The Legal Ombudsman has taken the highly controversial decision to name lawyers and law firms in circumstances where there is a ‘pattern of complaints’ against them or when it is in the ‘public interest’ to do so.
The regulator denied that its object is to ‘name and shame’ transgressors, but acknowledges that the new policy could damage the businesses of those it identifies. The policy will take effect from April 2012 and will not be retrospective.
The ombudsman began publishing anonymised case data earlier this year, after taking over from the Legal Complaints Service in October 2010. However, in April it postponed a decision on the contentious naming issue, prompting consumer watchdog the Legal Services Consumer Panel to accuse it of capitulating to ‘spurious objections from the legal profession’.
Unveiling the new policy, ‘naming lawyers - protecting consumers’, Elizabeth France, chair of the Office for Legal Complaints, which oversees the ombudsman, said: ‘We consider we have struck a balance between protecting consumers and encouraging an independent and strong legal profession. Every day we know most lawyers do a good job for their clients, but there are some who simply don’t. That’s why it is in the profession’s interest to make sure all who provide services to consumers are doing so effectively.’
From next April the OLC will implement a policy of identifying lawyers or law firms in two ways: Lawyers or firms which have been involved in cases where there is a ‘pattern of complaints’ or set of individual circumstances that indicate it is in the public interest that the firm or individual be identified, will be named. This information will be published immediately this is deemed warranted, from April, and from July it will also be included in quarterly information updates.
Decisions on publication will be made on a case-by-case basis. Relevant criteria may include whether: there is evidence in the case of systematic failures that indicate that other consumers will be adversely affected; the facts of the case show exceptional or severe impact on an individual complainant (or group of complainants); there is evidence of very serious service failure; or there is evidence of significant lack of cooperation with the ombudsman that has caused detriment to the consumer in delaying resolution.
Explaining the move, the OLC said there is ‘broad agreement’ among consumer bodies, lawyers and professional bodies that the naming of lawyers or law firms ‘should be used to address severe and systematic service failures where it is in the public interest to do so’. Publication will occur even where the relevant regulator has begun disciplinary proceedings.
The ombudsman’s data tracking has suggested the number of lawyers or firms identified in this way will be very low, though the policy ‘runs the risk of some commercial detriment’ to them. The identity of complainants will remain confidential.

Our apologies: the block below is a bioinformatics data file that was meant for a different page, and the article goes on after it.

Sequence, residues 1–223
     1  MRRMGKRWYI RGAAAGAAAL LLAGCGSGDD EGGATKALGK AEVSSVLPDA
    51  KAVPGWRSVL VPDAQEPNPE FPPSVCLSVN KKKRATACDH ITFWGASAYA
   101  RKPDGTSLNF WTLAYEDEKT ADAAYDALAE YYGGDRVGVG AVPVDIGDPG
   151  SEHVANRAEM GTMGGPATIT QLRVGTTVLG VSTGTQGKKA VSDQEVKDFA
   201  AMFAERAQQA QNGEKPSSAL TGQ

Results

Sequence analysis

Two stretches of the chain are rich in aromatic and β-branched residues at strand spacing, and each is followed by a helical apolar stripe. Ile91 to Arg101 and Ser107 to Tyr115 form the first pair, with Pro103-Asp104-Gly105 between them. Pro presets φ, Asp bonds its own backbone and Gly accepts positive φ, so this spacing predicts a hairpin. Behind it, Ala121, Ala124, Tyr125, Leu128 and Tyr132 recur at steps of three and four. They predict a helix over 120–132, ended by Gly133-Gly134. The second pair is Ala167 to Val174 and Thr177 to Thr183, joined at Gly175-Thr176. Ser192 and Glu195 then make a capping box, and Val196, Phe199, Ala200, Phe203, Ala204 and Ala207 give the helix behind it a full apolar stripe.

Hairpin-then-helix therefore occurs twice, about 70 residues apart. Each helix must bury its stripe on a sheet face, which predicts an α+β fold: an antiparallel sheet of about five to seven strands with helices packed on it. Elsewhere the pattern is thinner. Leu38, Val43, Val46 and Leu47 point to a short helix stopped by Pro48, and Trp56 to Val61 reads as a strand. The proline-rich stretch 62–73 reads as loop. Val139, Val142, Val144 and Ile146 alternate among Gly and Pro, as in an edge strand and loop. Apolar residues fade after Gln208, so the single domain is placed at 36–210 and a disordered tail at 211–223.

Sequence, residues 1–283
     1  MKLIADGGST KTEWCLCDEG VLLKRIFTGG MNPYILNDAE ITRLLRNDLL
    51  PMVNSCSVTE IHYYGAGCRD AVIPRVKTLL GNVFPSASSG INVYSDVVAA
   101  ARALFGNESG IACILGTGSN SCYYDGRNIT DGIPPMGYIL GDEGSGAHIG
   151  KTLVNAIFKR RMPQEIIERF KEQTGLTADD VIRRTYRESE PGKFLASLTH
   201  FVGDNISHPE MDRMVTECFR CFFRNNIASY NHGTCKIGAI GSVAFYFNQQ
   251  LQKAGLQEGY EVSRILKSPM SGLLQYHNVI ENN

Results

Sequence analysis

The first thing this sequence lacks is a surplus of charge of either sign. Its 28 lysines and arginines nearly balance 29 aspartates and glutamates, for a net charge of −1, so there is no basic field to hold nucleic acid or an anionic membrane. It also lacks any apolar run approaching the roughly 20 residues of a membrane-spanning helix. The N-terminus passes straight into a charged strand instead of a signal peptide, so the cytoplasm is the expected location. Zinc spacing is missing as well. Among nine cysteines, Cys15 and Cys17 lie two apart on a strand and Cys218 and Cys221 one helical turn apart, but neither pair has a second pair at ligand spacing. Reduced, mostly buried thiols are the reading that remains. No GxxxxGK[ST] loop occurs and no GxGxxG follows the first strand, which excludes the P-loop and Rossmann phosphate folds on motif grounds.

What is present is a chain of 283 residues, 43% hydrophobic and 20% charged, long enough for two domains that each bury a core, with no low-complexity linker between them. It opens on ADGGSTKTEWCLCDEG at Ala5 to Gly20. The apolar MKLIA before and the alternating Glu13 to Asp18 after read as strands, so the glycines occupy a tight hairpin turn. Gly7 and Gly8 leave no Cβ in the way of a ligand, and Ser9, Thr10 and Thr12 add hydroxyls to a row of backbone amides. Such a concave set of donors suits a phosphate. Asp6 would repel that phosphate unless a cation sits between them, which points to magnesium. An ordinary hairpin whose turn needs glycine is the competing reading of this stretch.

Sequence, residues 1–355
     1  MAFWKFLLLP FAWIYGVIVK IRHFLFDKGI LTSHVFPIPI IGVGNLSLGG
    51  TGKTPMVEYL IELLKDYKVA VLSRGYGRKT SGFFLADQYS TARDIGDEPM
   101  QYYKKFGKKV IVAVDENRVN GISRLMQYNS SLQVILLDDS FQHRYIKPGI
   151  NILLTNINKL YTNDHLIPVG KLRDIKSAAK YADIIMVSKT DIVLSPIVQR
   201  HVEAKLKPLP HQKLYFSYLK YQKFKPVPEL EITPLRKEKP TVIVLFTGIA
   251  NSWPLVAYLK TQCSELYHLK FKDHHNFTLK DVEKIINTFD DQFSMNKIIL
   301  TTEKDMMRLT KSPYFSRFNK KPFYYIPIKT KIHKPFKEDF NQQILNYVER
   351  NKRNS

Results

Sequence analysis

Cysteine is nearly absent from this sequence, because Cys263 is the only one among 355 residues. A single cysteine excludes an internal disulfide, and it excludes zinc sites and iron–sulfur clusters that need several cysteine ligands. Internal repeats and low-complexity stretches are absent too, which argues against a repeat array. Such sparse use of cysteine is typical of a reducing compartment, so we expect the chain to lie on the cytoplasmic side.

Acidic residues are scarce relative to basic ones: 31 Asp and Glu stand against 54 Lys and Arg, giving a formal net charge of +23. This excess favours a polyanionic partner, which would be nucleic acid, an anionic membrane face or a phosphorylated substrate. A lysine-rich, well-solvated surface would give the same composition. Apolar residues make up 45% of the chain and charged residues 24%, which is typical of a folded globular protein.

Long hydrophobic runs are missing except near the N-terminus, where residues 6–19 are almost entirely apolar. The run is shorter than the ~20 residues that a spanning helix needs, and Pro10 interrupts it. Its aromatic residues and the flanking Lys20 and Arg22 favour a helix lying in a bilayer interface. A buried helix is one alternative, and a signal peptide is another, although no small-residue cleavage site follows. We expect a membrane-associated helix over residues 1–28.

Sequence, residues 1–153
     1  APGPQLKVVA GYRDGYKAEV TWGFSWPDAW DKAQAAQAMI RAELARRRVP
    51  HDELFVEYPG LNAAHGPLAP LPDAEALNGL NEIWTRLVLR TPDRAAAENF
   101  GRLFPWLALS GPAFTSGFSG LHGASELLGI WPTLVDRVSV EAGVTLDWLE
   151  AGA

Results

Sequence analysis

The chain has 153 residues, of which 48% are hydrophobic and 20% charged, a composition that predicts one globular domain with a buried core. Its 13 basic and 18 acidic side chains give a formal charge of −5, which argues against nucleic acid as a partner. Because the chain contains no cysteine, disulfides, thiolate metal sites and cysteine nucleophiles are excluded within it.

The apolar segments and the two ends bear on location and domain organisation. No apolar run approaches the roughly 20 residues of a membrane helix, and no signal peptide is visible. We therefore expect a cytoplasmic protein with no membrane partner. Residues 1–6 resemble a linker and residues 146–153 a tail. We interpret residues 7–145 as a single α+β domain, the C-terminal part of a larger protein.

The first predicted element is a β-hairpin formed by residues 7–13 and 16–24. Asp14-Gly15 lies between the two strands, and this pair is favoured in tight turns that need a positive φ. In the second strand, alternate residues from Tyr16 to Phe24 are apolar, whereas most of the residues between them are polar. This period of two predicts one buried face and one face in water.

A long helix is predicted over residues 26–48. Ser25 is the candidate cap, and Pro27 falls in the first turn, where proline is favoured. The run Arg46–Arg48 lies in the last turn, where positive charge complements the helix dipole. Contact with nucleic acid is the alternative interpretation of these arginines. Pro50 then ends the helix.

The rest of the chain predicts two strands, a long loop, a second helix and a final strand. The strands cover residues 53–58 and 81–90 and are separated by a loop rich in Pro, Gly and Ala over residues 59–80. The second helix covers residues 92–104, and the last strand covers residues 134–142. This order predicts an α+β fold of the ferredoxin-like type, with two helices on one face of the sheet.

Also from April, the OLC will in addition require the names of all lawyers or law firms involved in complaints that have been resolved by a formal ombudsman decision to be collated. This information will be published quarterly from July in the form of a table summarising the numbers, outcomes and areas of law involved in the relevant cases. It says this will improve standards and avoid penalizing the profession for ‘occasional lapses’.
The consumer panel welcomed the new naming policy, which will be reviewed after two years. Chair Elisabeth Davies said: ‘This is great news for consumers, who tell us they feel in the dark when trying to find a good lawyer. There will no longer be a minority in the profession who provide a poor service and fail to put things right. People use legal services at critical moments in their lives and it is entirely appropriate that those who provide these services are held accountable if they get things wrong.’
Consumer minister Ed Davey MP commented: ‘I am pleased the ombudsman has decided to publish this data. This will make the legal profession stronger, improve service standards and consumers will be better protected as a result.’
A Law Society spokesperson said: 'While it is important for consumers to be able to make an informed choice about which legal service provider to choose, we do not believe that publication of this data in the proposed format will help consumers make that choice.
'The lack of data about the size of firms or the number of transactions they undertake means that publication will penalise firms who do high volumes of work even where they have had relatively few complaints. It will also disproportionately affect those solicitors who work in certain areas of law where the level of complaints are higher. These solicitors often serve vulnerable clients.
'Equally, as the ombudsman does not have jurisdiction over all legal service providers, many of which are unregulated, such as will writers, the name and shame approach does not give the consumer a true reflection of the market and is far from transparent.'